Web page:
WARREN CO FFA
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Cures Summertime Blues

        As summer is warming up, students are looking for ways to stay busy and fight off those summer blues. Why not turn your lazy summer into a profitable experience? Whether you’re looking to work a couple hours a week or thinking about something that takes a greater time investment, consider working in conjunction with your supervised agricultural experience (SAE) in order to get some hands-on experience and make some green – cash that is. Some FFA members work on their farms, own their own mowing and landscaping business, or even spend time working in a local greenhouse or farmers market. Whatever the job, students are finding ways to engage in agriculture and make a little money along the way!
        Luke Scott from the Brighton FFA Chapter is taking something he loves and turning it into a profitable experience. He hopes his summer job and SAE could potentially be a career after school. Luke works at a sporting dog facility where he trains British Labradors. Luke’s work is directly related to his SAE in small animal production and care. He not only teaches general behavior but also how to retrieve game for sporting purposes. When asked what the most unique quality of his service was, he stated, “We are different from a lot of other services because we use positive reinforcement training.” He adds that this method consists of using a “clicker and treat system” as opposed to shock collars to achieve the proper action for the command. This process begins when the dog is young with simple commands as sit and stay. Luke enjoys his work and has received several accolades for his performance and dedication.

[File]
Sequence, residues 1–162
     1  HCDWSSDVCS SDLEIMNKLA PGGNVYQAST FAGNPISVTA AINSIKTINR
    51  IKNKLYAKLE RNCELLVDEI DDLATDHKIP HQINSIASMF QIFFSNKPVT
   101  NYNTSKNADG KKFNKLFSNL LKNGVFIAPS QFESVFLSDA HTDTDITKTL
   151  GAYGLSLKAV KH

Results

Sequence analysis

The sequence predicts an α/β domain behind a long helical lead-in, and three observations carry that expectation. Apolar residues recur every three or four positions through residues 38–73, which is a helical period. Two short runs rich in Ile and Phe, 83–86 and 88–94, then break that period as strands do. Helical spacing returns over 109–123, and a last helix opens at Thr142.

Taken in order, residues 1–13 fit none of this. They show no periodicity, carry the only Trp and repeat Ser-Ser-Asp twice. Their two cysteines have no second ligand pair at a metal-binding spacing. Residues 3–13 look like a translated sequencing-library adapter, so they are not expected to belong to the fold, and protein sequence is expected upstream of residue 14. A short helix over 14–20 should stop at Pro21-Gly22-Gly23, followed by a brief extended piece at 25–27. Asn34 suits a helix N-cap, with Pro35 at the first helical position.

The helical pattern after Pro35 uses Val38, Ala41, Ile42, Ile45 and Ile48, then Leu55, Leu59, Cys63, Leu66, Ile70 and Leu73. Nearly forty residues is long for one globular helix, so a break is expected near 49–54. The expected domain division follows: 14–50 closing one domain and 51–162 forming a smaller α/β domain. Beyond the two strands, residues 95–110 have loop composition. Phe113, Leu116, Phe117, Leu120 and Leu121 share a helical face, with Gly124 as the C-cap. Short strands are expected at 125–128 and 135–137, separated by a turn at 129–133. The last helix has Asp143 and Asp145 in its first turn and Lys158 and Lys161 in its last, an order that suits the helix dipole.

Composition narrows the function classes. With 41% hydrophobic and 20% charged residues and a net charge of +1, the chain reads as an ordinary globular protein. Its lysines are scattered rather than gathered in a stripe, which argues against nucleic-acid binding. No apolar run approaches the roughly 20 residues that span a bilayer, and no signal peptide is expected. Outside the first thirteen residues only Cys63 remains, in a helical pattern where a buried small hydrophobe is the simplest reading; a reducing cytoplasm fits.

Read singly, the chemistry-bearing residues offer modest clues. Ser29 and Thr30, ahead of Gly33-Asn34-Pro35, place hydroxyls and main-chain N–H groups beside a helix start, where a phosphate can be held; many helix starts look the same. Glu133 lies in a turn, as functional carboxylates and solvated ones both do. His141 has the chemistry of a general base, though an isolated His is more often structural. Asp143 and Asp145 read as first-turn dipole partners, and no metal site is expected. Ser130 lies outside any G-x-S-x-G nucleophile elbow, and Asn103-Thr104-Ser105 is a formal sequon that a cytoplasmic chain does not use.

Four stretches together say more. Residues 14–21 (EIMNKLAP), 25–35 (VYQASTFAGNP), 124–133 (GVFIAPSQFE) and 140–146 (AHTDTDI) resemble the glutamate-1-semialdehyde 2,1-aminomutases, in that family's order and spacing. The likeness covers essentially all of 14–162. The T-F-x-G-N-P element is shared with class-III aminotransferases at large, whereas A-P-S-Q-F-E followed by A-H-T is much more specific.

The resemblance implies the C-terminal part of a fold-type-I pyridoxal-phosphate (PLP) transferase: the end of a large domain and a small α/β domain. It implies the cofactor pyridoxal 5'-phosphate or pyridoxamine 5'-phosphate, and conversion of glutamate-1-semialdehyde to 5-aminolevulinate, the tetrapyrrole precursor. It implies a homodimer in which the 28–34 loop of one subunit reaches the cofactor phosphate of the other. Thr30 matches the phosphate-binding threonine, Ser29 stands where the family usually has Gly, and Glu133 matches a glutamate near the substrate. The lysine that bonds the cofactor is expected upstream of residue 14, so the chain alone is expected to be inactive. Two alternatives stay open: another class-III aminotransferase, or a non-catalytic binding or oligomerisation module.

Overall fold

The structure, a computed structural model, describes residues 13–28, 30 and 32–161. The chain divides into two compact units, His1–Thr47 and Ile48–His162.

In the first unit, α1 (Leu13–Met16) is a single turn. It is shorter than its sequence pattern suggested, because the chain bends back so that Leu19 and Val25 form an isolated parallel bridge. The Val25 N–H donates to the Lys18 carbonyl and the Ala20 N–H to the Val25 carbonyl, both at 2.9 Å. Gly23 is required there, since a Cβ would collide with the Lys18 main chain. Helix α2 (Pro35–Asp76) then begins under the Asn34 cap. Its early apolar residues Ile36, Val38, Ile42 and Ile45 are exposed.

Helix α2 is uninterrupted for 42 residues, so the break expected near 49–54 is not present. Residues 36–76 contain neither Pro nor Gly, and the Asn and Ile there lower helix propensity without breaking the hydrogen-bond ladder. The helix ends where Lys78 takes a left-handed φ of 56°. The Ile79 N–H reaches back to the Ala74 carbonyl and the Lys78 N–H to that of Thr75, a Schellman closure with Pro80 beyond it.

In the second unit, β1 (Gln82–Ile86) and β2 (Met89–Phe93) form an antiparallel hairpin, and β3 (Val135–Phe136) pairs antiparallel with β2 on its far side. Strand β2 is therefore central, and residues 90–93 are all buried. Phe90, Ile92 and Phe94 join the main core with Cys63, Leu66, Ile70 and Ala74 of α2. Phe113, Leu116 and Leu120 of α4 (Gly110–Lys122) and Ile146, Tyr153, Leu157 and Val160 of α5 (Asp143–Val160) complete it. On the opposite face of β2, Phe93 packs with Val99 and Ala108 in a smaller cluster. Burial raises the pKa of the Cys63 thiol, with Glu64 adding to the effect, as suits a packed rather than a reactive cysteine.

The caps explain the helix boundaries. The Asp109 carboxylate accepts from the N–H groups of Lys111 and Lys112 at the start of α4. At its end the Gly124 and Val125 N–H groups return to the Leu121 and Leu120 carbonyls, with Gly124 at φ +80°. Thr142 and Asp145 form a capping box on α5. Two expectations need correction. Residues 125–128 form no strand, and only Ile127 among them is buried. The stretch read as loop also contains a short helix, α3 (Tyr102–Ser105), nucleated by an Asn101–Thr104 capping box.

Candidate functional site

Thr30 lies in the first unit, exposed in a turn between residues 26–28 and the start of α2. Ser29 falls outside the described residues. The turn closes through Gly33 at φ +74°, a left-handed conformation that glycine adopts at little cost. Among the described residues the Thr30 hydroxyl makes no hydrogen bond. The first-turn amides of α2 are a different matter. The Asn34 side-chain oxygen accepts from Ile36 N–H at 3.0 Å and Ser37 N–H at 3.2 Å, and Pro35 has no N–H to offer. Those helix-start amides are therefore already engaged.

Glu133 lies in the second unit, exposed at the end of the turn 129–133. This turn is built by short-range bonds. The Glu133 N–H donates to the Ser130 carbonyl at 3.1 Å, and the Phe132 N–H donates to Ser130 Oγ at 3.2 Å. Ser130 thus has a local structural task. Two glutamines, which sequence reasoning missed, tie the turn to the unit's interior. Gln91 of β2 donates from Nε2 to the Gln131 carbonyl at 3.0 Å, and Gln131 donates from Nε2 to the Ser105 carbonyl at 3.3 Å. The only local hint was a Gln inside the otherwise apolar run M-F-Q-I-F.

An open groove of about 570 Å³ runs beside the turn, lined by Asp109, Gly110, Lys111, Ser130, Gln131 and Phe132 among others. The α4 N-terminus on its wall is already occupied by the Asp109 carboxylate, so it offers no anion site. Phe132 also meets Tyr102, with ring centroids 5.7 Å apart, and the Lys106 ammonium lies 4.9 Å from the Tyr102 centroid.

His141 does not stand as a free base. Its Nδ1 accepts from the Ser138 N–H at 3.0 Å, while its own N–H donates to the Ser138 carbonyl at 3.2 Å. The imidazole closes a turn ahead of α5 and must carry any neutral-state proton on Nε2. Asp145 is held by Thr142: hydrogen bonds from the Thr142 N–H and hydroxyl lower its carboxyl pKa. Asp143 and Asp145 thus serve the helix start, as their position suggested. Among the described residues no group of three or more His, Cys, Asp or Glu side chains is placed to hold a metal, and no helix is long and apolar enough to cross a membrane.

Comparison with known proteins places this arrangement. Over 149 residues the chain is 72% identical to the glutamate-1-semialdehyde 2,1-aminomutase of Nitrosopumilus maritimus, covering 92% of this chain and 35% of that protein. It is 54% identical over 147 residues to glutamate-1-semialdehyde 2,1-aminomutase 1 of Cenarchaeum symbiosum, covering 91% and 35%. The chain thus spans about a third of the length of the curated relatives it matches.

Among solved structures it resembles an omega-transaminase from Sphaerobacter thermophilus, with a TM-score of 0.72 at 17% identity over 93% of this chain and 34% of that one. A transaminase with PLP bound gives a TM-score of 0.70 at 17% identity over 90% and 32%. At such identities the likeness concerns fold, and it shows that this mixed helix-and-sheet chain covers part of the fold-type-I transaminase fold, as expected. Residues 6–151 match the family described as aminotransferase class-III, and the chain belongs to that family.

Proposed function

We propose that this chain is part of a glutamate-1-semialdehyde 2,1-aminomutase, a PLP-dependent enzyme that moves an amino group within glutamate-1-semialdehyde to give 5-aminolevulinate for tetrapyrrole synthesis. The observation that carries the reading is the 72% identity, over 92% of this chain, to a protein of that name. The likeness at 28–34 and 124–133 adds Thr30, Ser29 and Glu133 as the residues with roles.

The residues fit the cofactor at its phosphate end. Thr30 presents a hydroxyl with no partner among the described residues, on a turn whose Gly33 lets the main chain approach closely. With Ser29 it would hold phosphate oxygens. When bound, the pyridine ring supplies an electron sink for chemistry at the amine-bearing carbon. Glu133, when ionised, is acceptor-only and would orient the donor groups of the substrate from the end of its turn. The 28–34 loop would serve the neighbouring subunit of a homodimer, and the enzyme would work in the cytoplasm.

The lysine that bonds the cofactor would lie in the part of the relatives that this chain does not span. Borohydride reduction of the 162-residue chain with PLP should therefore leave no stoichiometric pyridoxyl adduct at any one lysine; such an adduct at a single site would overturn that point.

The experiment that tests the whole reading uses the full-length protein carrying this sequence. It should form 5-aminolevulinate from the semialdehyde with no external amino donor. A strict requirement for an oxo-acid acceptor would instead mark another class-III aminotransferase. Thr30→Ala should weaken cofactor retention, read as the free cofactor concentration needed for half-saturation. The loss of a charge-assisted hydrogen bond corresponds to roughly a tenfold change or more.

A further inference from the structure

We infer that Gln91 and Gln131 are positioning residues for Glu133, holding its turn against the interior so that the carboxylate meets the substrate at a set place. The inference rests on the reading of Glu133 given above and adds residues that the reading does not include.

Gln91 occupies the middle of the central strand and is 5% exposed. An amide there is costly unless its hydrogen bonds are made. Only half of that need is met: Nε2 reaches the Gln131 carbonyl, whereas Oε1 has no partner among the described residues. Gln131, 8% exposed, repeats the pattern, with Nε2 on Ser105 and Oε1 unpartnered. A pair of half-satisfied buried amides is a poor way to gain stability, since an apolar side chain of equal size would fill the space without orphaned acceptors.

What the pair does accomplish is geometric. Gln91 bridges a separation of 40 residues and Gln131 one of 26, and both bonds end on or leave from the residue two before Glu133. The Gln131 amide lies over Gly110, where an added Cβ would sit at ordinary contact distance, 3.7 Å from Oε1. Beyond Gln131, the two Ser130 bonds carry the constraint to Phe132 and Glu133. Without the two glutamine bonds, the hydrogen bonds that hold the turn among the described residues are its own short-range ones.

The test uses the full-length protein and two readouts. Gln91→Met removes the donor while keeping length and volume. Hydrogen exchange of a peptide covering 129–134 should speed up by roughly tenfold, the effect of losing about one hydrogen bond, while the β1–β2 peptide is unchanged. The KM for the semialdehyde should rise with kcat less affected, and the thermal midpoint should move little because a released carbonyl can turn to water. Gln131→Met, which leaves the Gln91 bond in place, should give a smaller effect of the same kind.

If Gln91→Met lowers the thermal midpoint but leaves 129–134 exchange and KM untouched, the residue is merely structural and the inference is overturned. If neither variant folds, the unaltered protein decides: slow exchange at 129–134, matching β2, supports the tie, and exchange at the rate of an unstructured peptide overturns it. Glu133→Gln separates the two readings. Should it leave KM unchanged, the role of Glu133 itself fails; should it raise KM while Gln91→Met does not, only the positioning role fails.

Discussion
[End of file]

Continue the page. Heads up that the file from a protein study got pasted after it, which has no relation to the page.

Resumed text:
Cheyanne Johnson, a junior from the Warren County FFA Chapter, certainly doesn’t waste her summer. Last summer she was self employed working with local horses. Her primary duties included breaking, riding and all other aspects of maintaining horses for local owners. Her work fits the equine science SAE area perfectly! Cheyanne even purchased her own quarter horse named Little Man. She is particularly proud of her work with him stating, “He has helped me to place fourth in the state rodeo competition and second in the high school rodeo competition.” Cheyanne plans to continue her work with horses by expanding her business to take on several new clients. After high school she hopes to attend the University of Tennessee to work toward becoming an equine specialist. FFA members, how will you spend your summer? Talk to your agriculture teacher about potential jobs in your area that will keep you engaged in agriculture, fight off the summertime blues and make some cash while working on your SAE!

 

 

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